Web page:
Broken Brick finds its niche: Main Street dining room finds clientele with Friday, Saturday night meals
NEW ENGLAND -- It has taken a couple years, but the Broken Brick has found its niche. The small restaurant in New England has been in operation for five years, but recently, the dining room has started to gain recognition for its surf-and-turf di...
NEW ENGLAND - It has taken a couple years, but the Broken Brick has found its niche.
The small restaurant in New England has been in operation for five years, but recently, the dining room has started to gain recognition for its surf-and-turf dinners on Friday and Saturday nights.
Patti Juliano, the owner of Broken Brick, said the business, which was initially a deli for New England residents, has transformed into a popular destination for couples and dinner parties searching for good food in southwest North Dakota.
The restaurant, which is located in a quaint little building on the south end of Main Street, has lured hungry patrons by offering a delicious but simplistic menu of steak, walleye, shrimp and a medley of homemade sides.
While Juliano’s hope of operating a deli wasn’t as popular as she had hoped, she said the creation of the steak and seafood dinners on weekends has been more popular than she expected.
“The steak thing took off instantly,” Juliano said.
With juicy rib-eye steak, walleye and shrimp on the menu every weekend, the unassuming restaurant has attracted larger and larger crowds.
“I do all the preparing,” she said, adding that it takes her several days to prepare the entrees, sides and dessert for the weekend crowds.
Nearly everything that Juliano serves in her restaurant is homemade, she said, including the fresh baked bread, the potato salad and the decadent cheesecake.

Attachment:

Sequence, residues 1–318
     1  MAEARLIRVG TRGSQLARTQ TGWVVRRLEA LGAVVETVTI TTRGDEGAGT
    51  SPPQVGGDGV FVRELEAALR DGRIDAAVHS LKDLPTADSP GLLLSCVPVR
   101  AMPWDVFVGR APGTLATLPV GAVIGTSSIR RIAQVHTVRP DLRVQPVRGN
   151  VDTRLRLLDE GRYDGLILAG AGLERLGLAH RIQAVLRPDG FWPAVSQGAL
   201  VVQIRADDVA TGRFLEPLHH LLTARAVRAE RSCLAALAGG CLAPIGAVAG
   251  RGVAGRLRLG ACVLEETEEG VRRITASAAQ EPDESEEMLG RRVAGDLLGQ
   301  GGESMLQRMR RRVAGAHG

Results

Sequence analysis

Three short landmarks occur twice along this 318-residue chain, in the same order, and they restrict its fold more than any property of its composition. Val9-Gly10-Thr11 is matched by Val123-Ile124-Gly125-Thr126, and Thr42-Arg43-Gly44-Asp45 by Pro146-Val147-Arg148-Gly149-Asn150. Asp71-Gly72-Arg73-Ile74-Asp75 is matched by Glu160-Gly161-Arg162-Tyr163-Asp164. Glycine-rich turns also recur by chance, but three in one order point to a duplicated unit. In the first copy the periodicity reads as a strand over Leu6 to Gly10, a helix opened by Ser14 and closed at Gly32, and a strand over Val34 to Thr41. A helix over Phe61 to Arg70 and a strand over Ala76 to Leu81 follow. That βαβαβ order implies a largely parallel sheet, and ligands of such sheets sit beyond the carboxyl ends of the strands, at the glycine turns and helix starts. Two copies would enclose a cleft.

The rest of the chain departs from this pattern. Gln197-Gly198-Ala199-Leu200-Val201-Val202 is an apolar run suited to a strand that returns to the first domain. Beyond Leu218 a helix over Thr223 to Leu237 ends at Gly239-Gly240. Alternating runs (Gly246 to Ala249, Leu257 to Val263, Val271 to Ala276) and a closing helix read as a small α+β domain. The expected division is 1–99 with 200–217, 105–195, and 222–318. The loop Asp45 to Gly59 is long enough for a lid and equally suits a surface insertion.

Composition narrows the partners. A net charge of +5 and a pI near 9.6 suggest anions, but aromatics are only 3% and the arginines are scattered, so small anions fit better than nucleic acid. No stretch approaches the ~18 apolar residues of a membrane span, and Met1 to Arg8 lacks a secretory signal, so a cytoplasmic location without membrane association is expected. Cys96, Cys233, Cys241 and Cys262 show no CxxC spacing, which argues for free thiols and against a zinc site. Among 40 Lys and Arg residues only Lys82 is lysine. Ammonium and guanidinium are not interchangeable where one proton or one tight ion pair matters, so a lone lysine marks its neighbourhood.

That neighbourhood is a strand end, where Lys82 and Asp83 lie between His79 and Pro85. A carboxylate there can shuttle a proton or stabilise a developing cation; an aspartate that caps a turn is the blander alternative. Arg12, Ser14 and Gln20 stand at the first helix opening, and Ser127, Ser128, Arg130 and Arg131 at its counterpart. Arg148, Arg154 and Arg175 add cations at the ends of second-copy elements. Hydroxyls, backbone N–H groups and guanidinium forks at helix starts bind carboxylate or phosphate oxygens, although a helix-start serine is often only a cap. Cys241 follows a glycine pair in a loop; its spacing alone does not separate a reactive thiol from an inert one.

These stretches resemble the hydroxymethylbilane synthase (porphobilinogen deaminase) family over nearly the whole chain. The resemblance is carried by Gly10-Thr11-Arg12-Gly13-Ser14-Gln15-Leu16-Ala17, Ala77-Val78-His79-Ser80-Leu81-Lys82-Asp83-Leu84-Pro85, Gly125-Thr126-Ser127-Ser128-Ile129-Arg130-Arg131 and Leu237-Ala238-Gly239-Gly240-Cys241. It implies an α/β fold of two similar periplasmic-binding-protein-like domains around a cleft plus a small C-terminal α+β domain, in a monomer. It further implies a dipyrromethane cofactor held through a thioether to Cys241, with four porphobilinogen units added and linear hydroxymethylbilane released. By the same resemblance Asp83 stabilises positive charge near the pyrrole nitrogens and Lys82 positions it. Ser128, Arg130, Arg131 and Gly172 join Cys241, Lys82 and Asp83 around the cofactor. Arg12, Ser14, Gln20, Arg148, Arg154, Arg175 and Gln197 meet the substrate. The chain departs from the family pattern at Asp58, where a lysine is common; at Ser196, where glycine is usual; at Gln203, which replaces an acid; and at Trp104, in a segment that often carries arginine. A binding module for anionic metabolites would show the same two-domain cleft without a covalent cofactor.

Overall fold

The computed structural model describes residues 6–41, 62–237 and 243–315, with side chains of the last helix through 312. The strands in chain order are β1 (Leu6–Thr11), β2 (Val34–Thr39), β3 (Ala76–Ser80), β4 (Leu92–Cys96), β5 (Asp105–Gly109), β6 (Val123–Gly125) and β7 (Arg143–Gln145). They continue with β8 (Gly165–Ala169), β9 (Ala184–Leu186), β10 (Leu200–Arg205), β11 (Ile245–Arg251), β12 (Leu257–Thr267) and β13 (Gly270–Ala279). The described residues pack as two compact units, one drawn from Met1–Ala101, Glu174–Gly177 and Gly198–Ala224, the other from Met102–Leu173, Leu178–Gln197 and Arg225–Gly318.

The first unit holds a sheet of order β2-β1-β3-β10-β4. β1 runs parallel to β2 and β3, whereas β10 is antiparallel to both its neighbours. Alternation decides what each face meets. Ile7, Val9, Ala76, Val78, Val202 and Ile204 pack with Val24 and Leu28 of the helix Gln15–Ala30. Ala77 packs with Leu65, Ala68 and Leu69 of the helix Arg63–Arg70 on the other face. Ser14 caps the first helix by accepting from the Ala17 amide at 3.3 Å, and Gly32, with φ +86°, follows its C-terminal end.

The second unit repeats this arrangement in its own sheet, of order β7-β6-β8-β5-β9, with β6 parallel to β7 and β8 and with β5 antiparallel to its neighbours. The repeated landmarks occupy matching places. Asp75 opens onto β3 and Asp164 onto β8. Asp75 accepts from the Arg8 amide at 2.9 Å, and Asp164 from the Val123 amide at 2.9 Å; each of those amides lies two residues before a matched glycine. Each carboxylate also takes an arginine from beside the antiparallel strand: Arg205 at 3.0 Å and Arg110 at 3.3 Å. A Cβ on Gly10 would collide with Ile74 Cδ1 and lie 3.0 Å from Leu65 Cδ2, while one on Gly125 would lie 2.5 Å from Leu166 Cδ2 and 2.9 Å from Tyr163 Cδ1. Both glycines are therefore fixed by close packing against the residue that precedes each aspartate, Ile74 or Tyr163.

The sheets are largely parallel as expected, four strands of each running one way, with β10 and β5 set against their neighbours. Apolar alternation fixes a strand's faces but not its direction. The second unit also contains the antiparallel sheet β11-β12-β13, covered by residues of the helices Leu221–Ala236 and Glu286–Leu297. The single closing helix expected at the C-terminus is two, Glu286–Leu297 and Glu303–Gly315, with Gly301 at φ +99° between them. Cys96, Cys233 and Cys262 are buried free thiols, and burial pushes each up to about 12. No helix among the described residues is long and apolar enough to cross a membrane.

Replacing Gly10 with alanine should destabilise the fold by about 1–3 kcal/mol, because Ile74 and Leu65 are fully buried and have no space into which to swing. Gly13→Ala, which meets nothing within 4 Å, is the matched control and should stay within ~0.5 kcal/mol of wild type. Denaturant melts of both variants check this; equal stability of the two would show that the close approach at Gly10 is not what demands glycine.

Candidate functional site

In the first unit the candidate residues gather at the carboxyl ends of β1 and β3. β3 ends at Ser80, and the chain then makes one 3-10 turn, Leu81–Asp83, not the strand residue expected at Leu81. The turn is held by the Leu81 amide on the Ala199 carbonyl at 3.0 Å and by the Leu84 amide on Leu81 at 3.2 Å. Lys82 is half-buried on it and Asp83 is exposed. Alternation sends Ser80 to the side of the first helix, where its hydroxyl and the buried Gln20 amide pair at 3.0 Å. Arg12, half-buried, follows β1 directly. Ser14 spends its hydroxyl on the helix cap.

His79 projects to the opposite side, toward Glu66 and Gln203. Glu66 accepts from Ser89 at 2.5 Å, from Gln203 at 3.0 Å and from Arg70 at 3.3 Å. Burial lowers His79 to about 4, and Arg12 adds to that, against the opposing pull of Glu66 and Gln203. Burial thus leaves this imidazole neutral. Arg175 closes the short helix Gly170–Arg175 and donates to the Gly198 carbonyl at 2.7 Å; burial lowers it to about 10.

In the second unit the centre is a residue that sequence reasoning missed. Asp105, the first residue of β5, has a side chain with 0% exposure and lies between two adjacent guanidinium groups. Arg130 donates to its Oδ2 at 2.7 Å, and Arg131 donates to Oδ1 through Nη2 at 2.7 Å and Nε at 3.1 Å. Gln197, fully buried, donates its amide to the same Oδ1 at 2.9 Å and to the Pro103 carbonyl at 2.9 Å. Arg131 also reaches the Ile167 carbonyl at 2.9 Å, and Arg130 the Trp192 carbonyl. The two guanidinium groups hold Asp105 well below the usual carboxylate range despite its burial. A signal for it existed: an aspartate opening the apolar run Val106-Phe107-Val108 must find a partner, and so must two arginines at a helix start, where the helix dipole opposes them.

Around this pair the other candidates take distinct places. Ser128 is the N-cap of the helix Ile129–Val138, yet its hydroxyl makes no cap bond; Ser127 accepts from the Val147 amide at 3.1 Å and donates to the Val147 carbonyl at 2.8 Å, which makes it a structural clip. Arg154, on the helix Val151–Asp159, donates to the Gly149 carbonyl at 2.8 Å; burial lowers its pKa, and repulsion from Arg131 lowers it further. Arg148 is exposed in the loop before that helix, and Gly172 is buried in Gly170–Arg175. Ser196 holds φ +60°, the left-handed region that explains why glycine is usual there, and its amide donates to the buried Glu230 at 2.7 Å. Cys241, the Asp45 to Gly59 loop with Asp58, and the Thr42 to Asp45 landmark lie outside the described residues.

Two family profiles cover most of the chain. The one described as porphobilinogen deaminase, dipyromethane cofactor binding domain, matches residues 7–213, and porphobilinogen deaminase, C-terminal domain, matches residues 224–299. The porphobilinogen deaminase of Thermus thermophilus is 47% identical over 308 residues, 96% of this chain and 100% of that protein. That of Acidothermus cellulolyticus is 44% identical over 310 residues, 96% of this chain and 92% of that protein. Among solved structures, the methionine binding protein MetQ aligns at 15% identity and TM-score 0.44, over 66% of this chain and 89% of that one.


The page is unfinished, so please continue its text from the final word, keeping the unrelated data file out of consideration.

Juliano said she also creates specialty desserts on occasion, like the peanut butter cheesecake with an Oreo crust she served on Valentines Day.
“It went like wildfire,” she said.
She also prepares several homemade soups every week, including classics stews and more unique recipes like stuffed pepper soup.
“Everybody’s favorite is the tomato dill,” she said.
Juliano said she cuts every rib-eye steak by hand, which ensures that the steaks are large enough to satisfy the hungriest of customers.
She said the steaks often hang off the plates they are served on, but that goes with her intention of making the restaurant a popular location for people looking for a reasonably-priced meal in a nice setting.
“There’s never a steak under 12 ounces,” Juliano said.
While the Broken Brick has had to close down its lunch operations because of staff limitations, Juliano said the weekend dinners have done really well.
Over the holidays, Juliano said, she hosted several Christmas parties, and on Valentines Day weekend, she said she served somewhere around 100 people, including a case and a half of walleye in two days.
Juliano also offers catering services for anniversaries and weddings.
While the restaurant isn’t as high profile as some other restaurants in the region, Juliano said she often draws dinner parties from Dickinson and other locations throughout southwest North Dakota.
“Everybody likes the atmosphere,” Juliano said. “People say they feel relaxed here.”
The restaurant includes a small wine bar, cushioned window seating and a wood-trimmed brick interior that gives off a homey feeling.
The menu is simple and straight to the point, but Juliano said she hasn’t heard any complaints by customers.
The business has been such a hit, Juliano said she has considered expanding the home-cooked offerings by adding rotisserie chicken and Cornish game hens.
Brown is a regional reporter for The Dickinson Press. Contact him at 701-456-1206 and follow him on Twitter at Andy_Ed_Brown.